Spring 2017 SpiderBot

Material Trade of Study

By Daniel Matias – Manufacturing Engineer



A level 1 requirement states that SpiderBot shall lift itself off the ground. To achieve this, and still maintain a stable, mobile robotic platform, SpiderBot will be made of an inexpensive, lightweight material with a high tensile strength.



Traditionally walking robots have proven to be a challenge. Proper walking mechanism selection can either means success or failure. Walking robots experience large amounts of shock and vibration that can cause stress fractures and material deformations. The study aims to present all materials considered for SpiderBot’s use.


The materials considered in this trade-off are aluminum, acrylic, and plywood. A fixed volume of 1/8’’ thickness, 6’’ wide, and 12’’ long sheets are being used when comparing the materials. Also considered is the strength of the material to ensure our robot will not break under the weight of the components.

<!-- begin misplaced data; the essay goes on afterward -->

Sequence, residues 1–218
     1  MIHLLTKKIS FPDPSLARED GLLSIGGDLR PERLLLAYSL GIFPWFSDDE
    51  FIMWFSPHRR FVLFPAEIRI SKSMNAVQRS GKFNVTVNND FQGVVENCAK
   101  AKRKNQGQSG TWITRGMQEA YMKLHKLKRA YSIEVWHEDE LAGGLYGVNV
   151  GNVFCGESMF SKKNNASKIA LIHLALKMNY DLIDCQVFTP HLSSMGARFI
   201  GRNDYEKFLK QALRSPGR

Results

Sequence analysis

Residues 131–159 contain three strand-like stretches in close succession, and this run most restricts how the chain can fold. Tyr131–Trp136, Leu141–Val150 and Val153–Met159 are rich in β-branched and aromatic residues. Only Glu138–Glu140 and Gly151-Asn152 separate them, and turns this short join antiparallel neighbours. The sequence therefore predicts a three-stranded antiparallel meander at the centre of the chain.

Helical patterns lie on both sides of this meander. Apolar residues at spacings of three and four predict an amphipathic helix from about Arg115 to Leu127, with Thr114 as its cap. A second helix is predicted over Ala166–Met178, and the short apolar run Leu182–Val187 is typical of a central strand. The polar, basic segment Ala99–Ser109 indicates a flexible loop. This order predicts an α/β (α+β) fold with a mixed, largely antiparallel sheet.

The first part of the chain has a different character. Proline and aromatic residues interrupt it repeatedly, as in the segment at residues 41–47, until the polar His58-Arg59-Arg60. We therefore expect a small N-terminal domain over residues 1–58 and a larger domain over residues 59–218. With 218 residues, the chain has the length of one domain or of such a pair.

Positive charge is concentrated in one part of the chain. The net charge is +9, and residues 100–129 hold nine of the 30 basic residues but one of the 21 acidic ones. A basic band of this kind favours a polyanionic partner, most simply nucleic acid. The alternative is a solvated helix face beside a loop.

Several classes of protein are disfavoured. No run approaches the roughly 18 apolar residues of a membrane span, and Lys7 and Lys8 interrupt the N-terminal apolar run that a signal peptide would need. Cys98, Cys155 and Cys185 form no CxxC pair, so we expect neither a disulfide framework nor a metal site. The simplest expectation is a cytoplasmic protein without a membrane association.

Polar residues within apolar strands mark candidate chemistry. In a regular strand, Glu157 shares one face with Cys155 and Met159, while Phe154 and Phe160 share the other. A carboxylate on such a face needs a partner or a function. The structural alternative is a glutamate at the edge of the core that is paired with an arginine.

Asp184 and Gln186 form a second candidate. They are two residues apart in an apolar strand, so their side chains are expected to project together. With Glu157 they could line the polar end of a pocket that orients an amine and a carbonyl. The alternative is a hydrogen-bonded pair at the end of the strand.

The following table shows the cost and mass of the set volume






398 g



174.5 g



98.8 g

The following is a table of the tensile and compressive strength of the three materials.

Material Tensile Strength Compression Strength
Aluminum 310 MPa 20 GPa
Acrylic 69 MPa 124 MPa
Plywood 31 Mpa 36 MPa


Although plywood is the cheapest and the lightest, acrylic is more suited for our robot due to the inexpensive, toy requirement. Aluminum could be reduced in size since it is stronger, but the material and machine shop costs would exceed our budget when all the qualities of acrylic can satisfy requirements.











Spring 2017 SpiderBot

Motor Trade Off Study

By Shaun Pasoz – Electronics & Control Engineer




Based on the level 1 requirement that all power shall be supplied via the 3DoT board, the motor choices have certain limitations including: must draw 450mA or less, and have an operating voltage of 5V or less.